"Morosaurus" agilis, also referred to as a brachiosaur: spin the wheel. Other suggestions over the years have included a specimen of Haplocanthosaurus (a perennial favorite first hinted by Gilmore [1907]), a "cetiosaurid" (McIntosh 1990), and a juvenile Diplodocus longus (Tidwell et al. 2005); it may well be a diplodocid but the taxonomy of diplodocids is not what it used to be. With these in mind, it may be that "M." agilis is not a fossil at all, but a malign and petty intelligence which has manifested itself in the form of a sauropod braincase and three anterior cervicals, and which has the power to subtly alter its appearance so that every observer sees something different. Anyway, the "brachiosaur" reference probably stems from Gilmore's paper, which refers to Haplocanthosaurus as a brachiosaurid. Should you like to try your hand, "Morosaurus" agilis presently resides in the National Museum of Natural History, under the deceptively benign USNM 5384.

Pictured: the star of one of Lovecraft's less heralded works, "The Garden Park Annoyance". From Glimore (1907).

A long cervical from the Cloverly Formation: Ostrom (1970) reported a handful of sauropod pieces-parts from the Cloverly, and D'Emic and Foreman (2012) assigned some of them to Sauroposeidon. In the absence of any other descriptors than "a long cervical centrum" possibly of Pleurocoelus, I suspect that the specimen is YPM 5294, a middle cervical centrum among the batch assigned to Sauroposeidon.

A dorsal vertebra from Kweichow [Guizhou] with the neural spine flattened fore-aft instead of laterally: This is a mystery to me. I think it is a reference to Young (1948). However, consultation of "The Dinosauria"'s locality index finds no dinosaurs reported from Guizhou. Guizhou *is* known for early plesiosaur relatives, but namesake Keichousaurus was found in 1957, it's not of sauropodous proportions, and it's from south Kweichow, unlike the material published in 1948. Anyway, I have a request out for this article, so we'll see what happens.

A "sauropod from Fergan": This was one of the longest-standing rumors by the time Glut's book was published, and would wait another two decades to finally come to fruition as Ferganasaurus verzilini.

Two sauropod skulls from the Kota Formation representing two different genera: To date, there has been no formal description of sauropod skulls from the Kota Formation. Coincidentally, there are two sauropod genera described from the Kota Formation (Barapasaurus and Kotasaurus), neither of which has a skull.

The "Winton sauropod", "Hughenden sauropod", and "Lightning Ridge sauropod": One of these is easier than the others. The "Winton sauropod", the "Austrosaurus sp." of Coombs and Molnar (1981), is at least in part Wintonotitan. Specifically, the humerus F7292 is part of the holotype of Wintonotitan (Hocknull et al. 2009). The "Hughenden sauropod" remains unnamed, but is only known from a single bone. Its claim to fame was as the largest dinosaur known from Australia, but it has since been overtaken. Primarily it serves as a secret handshake for dinosaur enthusiasts of a certain age. In the absence of context, the "Lightning Ridge sauropod" may be the animal mentioned here.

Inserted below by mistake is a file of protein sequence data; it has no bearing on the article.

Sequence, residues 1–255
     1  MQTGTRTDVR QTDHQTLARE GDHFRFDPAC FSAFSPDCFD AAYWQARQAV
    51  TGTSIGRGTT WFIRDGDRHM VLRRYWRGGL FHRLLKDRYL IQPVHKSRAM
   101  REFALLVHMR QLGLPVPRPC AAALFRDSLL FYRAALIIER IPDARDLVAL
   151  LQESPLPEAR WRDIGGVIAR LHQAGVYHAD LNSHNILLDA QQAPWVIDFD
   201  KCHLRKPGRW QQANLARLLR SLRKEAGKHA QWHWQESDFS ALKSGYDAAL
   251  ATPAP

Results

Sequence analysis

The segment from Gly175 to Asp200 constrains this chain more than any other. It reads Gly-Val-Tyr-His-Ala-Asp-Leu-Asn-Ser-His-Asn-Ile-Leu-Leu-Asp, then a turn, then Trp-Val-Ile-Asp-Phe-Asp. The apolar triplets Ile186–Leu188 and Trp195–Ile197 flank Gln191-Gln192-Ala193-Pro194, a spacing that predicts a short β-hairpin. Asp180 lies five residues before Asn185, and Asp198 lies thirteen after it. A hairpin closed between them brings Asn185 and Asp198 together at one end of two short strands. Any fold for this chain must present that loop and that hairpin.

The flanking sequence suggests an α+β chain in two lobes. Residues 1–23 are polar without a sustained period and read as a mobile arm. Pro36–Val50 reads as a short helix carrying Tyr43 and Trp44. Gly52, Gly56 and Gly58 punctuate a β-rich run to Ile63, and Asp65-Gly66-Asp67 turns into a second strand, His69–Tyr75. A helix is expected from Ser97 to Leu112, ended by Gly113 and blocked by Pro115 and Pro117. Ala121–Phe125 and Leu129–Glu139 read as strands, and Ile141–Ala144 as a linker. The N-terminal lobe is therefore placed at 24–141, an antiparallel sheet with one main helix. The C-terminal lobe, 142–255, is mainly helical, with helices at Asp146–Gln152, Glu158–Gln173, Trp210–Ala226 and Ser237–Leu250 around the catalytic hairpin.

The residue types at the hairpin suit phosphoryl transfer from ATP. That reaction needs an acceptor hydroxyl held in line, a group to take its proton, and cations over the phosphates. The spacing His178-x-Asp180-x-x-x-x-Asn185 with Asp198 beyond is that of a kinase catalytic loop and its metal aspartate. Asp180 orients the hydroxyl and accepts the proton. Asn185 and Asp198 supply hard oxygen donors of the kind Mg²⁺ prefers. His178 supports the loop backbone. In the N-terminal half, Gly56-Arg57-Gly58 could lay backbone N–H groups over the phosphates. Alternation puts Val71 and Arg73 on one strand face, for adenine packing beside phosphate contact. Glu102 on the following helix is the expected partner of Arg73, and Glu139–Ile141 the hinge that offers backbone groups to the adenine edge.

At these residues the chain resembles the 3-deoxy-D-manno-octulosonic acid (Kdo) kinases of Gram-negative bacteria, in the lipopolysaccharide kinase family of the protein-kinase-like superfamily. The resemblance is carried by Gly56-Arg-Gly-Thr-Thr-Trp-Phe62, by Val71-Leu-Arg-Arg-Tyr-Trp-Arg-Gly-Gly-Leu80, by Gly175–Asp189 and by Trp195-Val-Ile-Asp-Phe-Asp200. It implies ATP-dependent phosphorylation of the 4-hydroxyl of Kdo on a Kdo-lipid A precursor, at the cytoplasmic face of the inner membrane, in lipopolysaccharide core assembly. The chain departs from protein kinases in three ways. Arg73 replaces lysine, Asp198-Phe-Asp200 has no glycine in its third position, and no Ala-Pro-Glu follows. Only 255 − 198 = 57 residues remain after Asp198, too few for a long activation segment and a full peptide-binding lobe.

"The first sauropod known from the Kallamedu Formation": Bruhathkayosaurus again?

A Nemegt Formation sauropod to be described by Kurzanov and Bannikov: This rumor turned out to be Quaesitosaurus, named in 1983.

The M23 sauropod from Tendaguru: This specimen is currently under study; you may know it as "the Archbishop". I'll let Mike Taylor at SV-POW! have the last word on it (and it's not really M23 anything, unless you count the quarry).

References cited:

Coombs, W. P., and R. E. Molnar. 1981. Sauropoda (Reptilia, Saurischia) from the Cretaceous of Queensland. Memoirs of the Queensland Museum 20(2):351–373.

D’Emic, M. D., and B. Z. Foreman. 2012. The beginning of the sauropod dinosaur hiatus in North America: insights from the Lower Cretaceous Cloverly Formation of Wyoming. Journal of Vertebrate Paleontology 32(4):883–902.

Gilmore, C. W. 1907. The type of the Jurassic reptile Morosaurus agilis redescribed, with a note on Camptosaurus. Proceedings of the United States National Museum 32:151–165.

Glut, D. F. 1982. The new dinosaur dictionary. Citadel Press, Secaucus, New Jersey.

Hocknull, S. A., M. A. White, T. R. Tischler, A. G. Cook, N. D. Calleja, T. Sloan, and D. A. Elliott. 2009. New mid-Cretaceous (latest Albian) dinosaurs from Winton, Queensland, Australia. PLoS ONE 4(7):e6190.

McIntosh, J. S. 1990. Sauropoda. Pages 345–401 in D. B. Weishampel, P. Dodson, and H. Osmólska. The Dinosauria. University of California Press, Berkeley, California.

Ostrom, J. H. 1970. Stratigraphy and paleontology of the Cloverly Formation (Lower Cretaceous) of the Bighorn Basin area, Wyoming and Montana. Peabody Museum Bulletin 35.

Tidwell, V., K. Carpenter, and C. Miles. 2005. A reexamination of Morosaurus agilis (Sauropoda) from Garden Park, Colorado: Journal of Vertebrate Paleontology 25(supplement to 3):122A.

Van Heerden, J., and P. M. Galton. 1997. The affinities of Melanorosaurus—a Late Triassic prosauropod dinosaur from South Africa. Neues Jahrbuch für Geologie und Paläontologie, Monatshefte 1997:39–55.

Young, C. C. 1948. Notes on the occurrence of sauropod remains from N. Kweichow. Science Record 2:200–206.